1. Clay sediments are formed on Martian ocean bed. 2. Ocean freezes, but channels are eroded though the sediments by sub-glacial rivers. 3. Frozen ocean sublimes away leaving surface exposed to cratering.

What say the experts?
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climber
post Apr 21 2006, 01:39 PM
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At the University,an Astronomer talk about the life of the stars :
"The sun is gona die in about 5 Billions years..."
A student jump and shout :
"How many years did you say ?"
"I said 5 Billions"
The student sit down with a sigh of relief
'Gosh, I understood 5 Millions..."

Much better in French : Millions & Milliards tongue.gif


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ljk4-1
post Apr 21 2006, 02:00 PM
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[quote name='climber' - QUOTE removed - avoid quoting when replying to it - see forum guidelines
[/quote]

Ah yes, the old apocryphal story. It also usually involves an old man
or woman asking the question and responding. Same with the famous
"It's turtles all the way down" bit about what supports Earth.


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"After having some business dealings with men, I am occasionally chagrined,
and feel as if I had done some wrong, and it is hard to forget the ugly circumstance.
I see that such intercourse long continued would make one thoroughly prosaic, hard,
and coarse. But the longest intercourse with Nature, though in her rudest moods, does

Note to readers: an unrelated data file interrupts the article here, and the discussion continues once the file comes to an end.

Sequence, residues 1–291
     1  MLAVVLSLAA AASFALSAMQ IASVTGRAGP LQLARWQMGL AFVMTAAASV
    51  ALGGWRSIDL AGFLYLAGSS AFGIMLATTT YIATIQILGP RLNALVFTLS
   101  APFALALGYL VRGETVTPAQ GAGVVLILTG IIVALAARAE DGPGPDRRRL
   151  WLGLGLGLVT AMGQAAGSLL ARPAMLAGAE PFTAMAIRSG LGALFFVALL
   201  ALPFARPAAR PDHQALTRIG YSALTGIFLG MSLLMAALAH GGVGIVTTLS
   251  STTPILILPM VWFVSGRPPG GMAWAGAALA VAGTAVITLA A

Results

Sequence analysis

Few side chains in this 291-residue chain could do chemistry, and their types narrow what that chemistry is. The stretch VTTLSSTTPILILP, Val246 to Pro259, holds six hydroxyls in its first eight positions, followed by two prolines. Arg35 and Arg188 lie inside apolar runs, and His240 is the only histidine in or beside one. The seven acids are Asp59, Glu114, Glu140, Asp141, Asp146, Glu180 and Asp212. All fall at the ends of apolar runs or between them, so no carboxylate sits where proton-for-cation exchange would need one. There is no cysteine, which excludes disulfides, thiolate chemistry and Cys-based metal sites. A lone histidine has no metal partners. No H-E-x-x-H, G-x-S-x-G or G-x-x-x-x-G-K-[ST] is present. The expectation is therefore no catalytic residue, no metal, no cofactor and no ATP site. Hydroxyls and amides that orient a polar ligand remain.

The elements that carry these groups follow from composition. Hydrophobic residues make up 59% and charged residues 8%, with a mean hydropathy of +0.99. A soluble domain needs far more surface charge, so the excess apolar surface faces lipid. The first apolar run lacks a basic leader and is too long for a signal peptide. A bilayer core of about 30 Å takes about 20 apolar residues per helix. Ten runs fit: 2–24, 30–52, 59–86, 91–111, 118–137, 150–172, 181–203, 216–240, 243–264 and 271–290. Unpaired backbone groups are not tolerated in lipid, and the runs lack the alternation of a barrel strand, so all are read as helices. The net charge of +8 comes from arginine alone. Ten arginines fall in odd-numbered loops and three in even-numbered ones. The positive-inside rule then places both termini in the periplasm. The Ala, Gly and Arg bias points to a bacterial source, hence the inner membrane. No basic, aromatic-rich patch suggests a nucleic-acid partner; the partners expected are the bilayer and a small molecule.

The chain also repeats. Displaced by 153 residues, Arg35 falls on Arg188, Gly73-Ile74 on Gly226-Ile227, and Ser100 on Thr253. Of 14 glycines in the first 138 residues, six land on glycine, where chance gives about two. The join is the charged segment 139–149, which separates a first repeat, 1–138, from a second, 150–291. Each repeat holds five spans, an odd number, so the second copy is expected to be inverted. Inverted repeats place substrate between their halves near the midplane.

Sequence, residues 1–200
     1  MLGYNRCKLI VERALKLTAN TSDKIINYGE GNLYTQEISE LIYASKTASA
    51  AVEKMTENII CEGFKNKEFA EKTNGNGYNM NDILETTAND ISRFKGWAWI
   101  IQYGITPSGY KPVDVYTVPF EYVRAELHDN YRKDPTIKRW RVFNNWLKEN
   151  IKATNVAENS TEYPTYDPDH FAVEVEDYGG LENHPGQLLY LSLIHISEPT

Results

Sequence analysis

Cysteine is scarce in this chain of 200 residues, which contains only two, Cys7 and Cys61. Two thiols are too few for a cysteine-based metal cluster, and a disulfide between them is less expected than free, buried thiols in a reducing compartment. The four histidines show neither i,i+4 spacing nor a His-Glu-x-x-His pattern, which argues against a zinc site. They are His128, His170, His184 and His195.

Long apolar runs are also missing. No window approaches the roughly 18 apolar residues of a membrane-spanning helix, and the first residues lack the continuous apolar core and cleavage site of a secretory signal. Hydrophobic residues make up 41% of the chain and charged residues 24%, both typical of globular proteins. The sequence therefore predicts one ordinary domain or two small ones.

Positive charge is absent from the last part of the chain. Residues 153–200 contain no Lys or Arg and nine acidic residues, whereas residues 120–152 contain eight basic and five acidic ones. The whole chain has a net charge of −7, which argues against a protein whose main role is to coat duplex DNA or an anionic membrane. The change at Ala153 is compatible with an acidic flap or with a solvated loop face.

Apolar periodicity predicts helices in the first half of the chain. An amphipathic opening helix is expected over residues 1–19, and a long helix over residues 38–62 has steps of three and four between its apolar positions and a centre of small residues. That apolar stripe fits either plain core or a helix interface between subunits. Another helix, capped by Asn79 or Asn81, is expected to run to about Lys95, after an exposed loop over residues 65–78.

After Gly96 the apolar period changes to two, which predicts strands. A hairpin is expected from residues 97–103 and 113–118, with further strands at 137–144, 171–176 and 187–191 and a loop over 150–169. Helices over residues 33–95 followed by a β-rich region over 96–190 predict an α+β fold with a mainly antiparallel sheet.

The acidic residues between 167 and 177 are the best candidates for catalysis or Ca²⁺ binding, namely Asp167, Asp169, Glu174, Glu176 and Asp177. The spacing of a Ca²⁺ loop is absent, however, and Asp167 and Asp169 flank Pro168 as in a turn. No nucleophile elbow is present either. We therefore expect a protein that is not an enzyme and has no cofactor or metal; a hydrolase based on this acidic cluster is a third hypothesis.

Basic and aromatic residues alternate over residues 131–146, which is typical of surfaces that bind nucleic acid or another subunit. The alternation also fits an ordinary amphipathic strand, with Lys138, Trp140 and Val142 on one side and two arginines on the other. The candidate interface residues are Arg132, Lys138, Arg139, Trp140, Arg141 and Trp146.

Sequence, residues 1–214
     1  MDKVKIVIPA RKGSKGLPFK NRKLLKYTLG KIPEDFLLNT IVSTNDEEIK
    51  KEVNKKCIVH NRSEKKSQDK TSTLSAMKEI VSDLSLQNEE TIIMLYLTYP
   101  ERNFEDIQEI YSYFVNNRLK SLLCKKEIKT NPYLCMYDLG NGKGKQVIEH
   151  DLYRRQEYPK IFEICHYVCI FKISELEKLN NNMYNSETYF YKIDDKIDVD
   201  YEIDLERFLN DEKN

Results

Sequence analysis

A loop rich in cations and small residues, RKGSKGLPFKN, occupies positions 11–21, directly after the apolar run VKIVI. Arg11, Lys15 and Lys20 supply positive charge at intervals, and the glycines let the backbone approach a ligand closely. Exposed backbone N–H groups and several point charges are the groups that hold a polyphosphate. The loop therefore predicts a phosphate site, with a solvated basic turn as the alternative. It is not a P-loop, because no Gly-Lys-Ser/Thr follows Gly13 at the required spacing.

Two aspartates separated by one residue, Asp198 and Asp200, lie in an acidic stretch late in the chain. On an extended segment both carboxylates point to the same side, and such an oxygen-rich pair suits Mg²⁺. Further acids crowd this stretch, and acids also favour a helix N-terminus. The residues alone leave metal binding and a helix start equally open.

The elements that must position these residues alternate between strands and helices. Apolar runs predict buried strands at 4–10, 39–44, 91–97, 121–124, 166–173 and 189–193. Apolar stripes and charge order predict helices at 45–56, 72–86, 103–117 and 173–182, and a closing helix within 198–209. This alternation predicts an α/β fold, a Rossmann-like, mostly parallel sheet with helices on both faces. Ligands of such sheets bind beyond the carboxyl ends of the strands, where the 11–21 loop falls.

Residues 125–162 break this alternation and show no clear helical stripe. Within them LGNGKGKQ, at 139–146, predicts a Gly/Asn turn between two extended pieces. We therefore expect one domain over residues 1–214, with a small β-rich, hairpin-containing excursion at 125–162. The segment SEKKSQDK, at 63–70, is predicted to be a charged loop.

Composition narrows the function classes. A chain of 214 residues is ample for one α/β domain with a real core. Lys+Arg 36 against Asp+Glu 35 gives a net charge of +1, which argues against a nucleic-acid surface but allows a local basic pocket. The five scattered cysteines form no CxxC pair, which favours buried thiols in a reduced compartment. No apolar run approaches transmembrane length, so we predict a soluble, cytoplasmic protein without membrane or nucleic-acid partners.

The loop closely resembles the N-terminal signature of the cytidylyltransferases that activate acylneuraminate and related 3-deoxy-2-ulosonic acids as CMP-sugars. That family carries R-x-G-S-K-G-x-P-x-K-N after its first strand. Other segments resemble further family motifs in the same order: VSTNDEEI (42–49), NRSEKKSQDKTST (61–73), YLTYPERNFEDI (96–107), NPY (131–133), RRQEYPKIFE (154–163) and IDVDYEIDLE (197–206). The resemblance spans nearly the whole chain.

not thus harden and make coarse. A hard, sensible man whom we liken to a rock is
indeed much harder than a rock. From hard, coarse, insensible men with whom I have
no sympathy, I go to commune with the rocks, whose hearts are comparatively soft."

- Henry David Thoreau, November 15, 1853

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ngunn
post Apr 21 2006, 02:55 PM
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Hydrated minerals anybody? No?
Tranquillisers all round then . . .
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ljk4-1
post Apr 21 2006, 05:34 PM
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Instead of hoping for weak little Earth-like creatures just barely surviving under
some Martian rock, how about the chance that some ancient Martian life adapted
to its changing environment and has left descendants existing as a tough colony of
buggers living today on the Red Planet that can survive with little water, little air,
seriously cold temperatures, and laugh at direct ultraviolet radiation?

Has anyone really looked into creatures that could exist like that? Because if we
keep assuming Martian life is going to be a lot like Earth life, then I doubt there
will be anything to find on Mars except some very old fossils.


--------------------
"After having some business dealings with men, I am occasionally chagrined,
and feel as if I had done some wrong, and it is hard to forget the ugly circumstance.
I see that such intercourse long continued would make one thoroughly prosaic, hard,
and coarse. But the longest intercourse with Nature, though in her rudest moods, does
not thus harden and make coarse. A hard, sensible man whom we liken to a rock is
indeed much harder than a rock. From hard, coarse, insensible men with whom I have
no sympathy, I go to commune with the rocks, whose hearts are comparatively soft."

- Henry David Thoreau, November 15, 1853

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tty
post Apr 21 2006, 05:36 PM
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This billion problem is due to the fact that in some languages the interval between the 'llions is 10^3 while in other it is 10^6. Neither is really more logical than the other.

In Swedish it runs:

biljon 10^12
triljon 10^18
kvadriljon 10^24
kvintiljon 10^30

and so on, while 10^9 is "miljard", like in french.

tty
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Guest_Richard Trigaux_*
post Apr 21 2006, 05:59 PM
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Guests